Archive for October 3rd, 2007

implicated

Wednesday, October 3rd, 2007

Gaw. Is this what happens once beginner’s enthusiasm wears off with a blog? Man, I’m slacking. Or I just haven’t felt like posting. Is that laziness, or simply privacy? Surely someone has written a Kubler-Ross-esque treatise on the 5 stages of blogging: if not, given what I’m doing/not doing, and performing some basic forensic analysis of the wasted hulls of abandoned blogs littering the internet, I suspect it would go something like:

1. beginner’s enthusiasm
2. TMI
3. distraction from blog by living of actual life
4. password log-in amnesia
5. abandonment

I’m doing what I can do balance out 1 and 3. 2 is distasteful (although I might occasionally flirt with it), 4 hasn’t happened yet ’cause I have a highly self-entertaining password that’s hard to forget, and 5, well, I’m getting more sporadic at this, but I’m not planning on abandoning this anytime soon.

Anyway.
Last night was a pretty big hoot: my good friend Jonn Herschend premiered his twisted, wonderful infomercial- gone- terribly- astray, “Everything Is Better Now“, at Oakland’s cinematic gem, the Parkway Speakeasy Theater. (Cinematic gem not in some Beaux-Arts fanciness way, cinematic gem in that “pitchers of beer and pizza with your movie” way. I don’t even like beer, but I like the idea of beer in a pitcher with my movie).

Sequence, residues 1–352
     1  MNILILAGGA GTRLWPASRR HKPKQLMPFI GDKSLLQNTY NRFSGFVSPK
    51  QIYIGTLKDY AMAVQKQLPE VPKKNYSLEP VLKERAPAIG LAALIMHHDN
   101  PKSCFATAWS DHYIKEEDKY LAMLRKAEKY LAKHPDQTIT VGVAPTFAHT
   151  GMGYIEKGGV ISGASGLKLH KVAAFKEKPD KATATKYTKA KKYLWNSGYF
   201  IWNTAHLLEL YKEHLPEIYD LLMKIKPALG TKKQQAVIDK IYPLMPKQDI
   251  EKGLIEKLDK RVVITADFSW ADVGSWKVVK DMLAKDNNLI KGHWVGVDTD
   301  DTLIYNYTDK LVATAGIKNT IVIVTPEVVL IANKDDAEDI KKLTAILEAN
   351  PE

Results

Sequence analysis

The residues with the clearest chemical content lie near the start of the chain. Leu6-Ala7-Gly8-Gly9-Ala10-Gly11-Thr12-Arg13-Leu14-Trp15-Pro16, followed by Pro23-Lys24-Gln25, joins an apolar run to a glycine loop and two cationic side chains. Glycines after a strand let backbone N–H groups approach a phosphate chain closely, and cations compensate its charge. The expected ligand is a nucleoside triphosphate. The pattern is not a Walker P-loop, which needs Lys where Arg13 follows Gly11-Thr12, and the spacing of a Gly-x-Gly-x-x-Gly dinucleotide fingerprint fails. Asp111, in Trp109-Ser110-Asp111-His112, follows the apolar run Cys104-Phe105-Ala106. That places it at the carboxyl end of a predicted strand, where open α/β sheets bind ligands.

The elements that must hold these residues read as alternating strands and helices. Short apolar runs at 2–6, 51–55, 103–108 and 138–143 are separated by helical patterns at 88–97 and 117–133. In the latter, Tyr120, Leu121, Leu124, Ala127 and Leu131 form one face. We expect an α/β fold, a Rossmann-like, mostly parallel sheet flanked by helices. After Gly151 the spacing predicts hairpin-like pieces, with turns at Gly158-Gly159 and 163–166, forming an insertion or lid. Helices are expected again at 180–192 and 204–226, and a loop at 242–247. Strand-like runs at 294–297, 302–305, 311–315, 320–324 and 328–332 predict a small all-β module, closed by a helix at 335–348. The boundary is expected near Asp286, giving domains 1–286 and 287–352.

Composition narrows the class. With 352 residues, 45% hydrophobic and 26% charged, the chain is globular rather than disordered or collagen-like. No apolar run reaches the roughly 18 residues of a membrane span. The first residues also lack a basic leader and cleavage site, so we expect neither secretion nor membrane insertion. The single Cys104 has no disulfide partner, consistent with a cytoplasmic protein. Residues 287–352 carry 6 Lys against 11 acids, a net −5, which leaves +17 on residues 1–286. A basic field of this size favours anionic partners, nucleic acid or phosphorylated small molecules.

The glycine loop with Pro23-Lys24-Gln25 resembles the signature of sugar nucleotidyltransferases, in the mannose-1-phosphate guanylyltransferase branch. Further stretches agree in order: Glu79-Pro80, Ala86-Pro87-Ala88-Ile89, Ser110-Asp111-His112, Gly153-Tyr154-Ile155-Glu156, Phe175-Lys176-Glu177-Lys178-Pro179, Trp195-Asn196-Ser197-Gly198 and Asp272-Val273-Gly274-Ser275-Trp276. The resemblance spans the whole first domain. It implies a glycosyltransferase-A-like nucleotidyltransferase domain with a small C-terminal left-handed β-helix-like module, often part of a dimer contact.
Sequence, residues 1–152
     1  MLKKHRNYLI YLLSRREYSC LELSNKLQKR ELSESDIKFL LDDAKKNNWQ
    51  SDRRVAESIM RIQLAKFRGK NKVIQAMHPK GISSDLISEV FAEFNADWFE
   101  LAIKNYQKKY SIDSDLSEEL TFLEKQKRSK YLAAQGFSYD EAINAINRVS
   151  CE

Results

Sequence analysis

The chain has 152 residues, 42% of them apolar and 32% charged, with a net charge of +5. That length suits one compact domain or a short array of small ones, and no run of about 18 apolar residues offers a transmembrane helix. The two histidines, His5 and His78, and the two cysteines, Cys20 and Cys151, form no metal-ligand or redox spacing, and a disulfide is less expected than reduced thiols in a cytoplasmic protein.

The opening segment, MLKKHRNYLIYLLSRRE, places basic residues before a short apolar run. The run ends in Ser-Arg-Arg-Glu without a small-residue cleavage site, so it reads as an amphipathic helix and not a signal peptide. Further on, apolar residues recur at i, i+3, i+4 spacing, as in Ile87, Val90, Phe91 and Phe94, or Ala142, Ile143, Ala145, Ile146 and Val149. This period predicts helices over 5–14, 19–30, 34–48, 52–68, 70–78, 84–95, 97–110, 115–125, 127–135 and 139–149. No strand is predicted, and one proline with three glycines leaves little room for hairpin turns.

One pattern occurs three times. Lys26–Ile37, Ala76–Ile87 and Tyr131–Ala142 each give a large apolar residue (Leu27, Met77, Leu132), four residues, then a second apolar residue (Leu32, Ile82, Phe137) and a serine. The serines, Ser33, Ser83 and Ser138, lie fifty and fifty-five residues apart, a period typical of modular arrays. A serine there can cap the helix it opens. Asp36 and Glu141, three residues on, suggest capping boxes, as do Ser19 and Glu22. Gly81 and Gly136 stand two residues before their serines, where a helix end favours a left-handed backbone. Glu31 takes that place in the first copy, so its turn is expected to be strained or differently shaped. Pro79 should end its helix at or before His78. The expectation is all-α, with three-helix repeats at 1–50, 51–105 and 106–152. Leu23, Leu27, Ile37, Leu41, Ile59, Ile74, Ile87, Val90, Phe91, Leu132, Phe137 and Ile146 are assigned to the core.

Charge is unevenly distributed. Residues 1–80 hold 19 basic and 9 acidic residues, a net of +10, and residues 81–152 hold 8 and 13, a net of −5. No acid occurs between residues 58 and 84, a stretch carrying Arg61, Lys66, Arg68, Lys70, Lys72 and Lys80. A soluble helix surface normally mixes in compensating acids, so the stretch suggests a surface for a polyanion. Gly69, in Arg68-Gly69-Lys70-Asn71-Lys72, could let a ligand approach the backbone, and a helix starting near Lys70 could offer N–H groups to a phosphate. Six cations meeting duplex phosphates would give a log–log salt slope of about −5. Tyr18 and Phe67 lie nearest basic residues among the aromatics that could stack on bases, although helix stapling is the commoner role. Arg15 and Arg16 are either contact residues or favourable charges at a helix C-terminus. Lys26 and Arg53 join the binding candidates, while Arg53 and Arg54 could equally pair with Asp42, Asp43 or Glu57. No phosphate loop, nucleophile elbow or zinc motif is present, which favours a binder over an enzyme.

Since he didn’t want to be caught holding the bag, Jonn implicated a bunch of his friends and co-conspirators in the premiere by organizing “Guilt By Association,” a screening of a number of artsy video shorts to accompany his magnum opus.

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I’m prolly biased, since Woffords, Paint was one of the videos screened, but it was a really fun, dynamic mix of work that really seemed to resonate well with one another. I’ve been thinking lately about how often shows in galleries/museums don’t add up quite right, even when the art is great: the works are good individually, but poorly served by the curatorial premise and/or overall installation of pieces in relation to one another. With Guilt By Association, I was struck by how well the works flowed from one to the next, and how they seemed to inform one another in a variety of quirky, engaging strategies. I’d seen a number of the videos individually in the past, and I really enjoyed them much more in concert with other works. Nerdy, artsy humor was a significant thread that made things flow: even works that I hadn’t actually found that funny prior to last night, worked much better in relation to works where this was more overt. Anyway, good times.

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Go bears: UC Berkeley MFA alumni and Guilt By Association auteurs Woff, Jonn, Joe, and Will, gameface-mode, outside the Parkway after Guilt By Association.